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willthiswork89
08-09-2006, 08:43 AM
im thinking about getting an RFID Reader and playing around with that but... i need some help understand the Serin...

all these

$0A, 2400 BPS, 1 stopbyte no parity i dont get it.....Is there somewhere im missing the information on all this crazy jibberjabber? ide love to continue going as my lasst failed attempt at making a RC car run by its self without the help of the controller failed. Im growing very bored with my stamp and havnt even touched it in days, i figure if i learn somthing new i might begin having some fun... thanks for the help!

John R.
08-09-2006, 11:22 AM
willthiswork:

I would suggest you might want to start by taking your own advice from the following thread:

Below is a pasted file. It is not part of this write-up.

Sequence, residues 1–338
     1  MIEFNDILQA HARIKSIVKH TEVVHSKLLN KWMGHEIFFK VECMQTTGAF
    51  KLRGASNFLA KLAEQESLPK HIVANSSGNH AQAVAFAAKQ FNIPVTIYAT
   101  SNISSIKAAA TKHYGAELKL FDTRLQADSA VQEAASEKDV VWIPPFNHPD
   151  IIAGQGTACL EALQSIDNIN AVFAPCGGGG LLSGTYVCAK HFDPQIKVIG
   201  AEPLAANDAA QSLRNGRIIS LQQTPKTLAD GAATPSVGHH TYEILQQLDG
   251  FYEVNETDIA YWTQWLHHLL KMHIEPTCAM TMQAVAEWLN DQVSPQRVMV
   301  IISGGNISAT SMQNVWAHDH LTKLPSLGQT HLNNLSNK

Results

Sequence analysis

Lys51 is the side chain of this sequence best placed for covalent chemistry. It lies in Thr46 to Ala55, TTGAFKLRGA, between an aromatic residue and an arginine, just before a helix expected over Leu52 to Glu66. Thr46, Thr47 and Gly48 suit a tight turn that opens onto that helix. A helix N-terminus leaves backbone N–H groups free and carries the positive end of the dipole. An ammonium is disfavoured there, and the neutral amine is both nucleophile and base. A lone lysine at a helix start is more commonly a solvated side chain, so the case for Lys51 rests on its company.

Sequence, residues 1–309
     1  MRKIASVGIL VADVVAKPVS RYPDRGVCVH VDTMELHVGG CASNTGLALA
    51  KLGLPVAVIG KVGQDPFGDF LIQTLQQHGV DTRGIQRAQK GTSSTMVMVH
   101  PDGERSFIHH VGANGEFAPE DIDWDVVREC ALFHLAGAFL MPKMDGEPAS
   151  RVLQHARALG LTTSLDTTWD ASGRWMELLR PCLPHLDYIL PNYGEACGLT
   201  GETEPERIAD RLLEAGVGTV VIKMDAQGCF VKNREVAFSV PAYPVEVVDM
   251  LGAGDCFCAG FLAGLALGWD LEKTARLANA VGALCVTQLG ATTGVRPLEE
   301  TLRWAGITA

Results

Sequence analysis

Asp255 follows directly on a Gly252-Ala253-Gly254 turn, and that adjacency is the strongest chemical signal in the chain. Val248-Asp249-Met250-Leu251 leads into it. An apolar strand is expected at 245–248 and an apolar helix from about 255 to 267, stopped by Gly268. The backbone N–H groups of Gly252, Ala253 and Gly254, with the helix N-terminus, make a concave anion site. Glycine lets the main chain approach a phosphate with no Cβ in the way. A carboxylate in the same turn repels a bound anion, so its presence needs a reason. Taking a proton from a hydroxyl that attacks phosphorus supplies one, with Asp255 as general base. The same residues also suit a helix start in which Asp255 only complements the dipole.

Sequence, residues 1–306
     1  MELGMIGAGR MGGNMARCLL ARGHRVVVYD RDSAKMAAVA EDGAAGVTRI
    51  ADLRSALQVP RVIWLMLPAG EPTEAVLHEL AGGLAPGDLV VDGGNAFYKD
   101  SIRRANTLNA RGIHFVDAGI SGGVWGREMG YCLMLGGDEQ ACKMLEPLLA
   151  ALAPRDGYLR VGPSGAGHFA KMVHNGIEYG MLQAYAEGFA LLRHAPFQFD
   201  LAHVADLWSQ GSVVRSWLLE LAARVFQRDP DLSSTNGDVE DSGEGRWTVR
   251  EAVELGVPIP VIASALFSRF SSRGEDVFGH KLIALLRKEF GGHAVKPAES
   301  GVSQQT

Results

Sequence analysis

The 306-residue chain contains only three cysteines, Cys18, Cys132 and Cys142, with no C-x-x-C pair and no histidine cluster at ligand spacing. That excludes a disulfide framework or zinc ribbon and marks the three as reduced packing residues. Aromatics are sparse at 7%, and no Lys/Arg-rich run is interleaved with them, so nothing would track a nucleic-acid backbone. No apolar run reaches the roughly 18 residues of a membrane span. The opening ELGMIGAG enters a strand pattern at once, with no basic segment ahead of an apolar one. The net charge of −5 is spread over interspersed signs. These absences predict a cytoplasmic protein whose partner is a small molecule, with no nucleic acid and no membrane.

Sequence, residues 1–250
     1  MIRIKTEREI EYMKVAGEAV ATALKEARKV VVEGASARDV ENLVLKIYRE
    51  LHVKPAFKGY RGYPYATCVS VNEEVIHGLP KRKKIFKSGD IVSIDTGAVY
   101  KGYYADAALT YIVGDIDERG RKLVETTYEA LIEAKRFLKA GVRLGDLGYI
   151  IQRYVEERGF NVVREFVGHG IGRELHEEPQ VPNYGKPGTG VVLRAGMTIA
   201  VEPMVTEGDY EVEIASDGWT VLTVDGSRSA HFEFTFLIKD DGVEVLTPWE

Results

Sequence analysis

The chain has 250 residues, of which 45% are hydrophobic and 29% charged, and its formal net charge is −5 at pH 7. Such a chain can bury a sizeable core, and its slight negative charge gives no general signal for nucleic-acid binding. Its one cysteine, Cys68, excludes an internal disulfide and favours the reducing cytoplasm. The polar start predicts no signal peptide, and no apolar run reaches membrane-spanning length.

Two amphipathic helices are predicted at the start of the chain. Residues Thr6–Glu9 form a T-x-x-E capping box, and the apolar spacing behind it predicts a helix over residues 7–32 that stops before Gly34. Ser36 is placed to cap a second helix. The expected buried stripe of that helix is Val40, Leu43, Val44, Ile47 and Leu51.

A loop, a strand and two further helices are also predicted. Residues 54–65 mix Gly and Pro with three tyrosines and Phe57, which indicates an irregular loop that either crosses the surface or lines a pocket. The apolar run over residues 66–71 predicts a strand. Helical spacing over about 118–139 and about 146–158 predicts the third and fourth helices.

http://forums.parallax.com/showthread.php?p=600165

There you suggest looking at the various books available from Parallax.

You seem to expect everything to just fall into place without any effort on your part to understand what's happening, and how things work.

In order to understand SERIN, you need to have a basic grasp of serial communication. "Serial" means that each bit of informaiton is passed one at a time, one after the other as a "series" of bits, or in "serial" fashion.

In order for the receiving side to understand the sending side, they both need to be communicating the same way. For serial communication this means the following: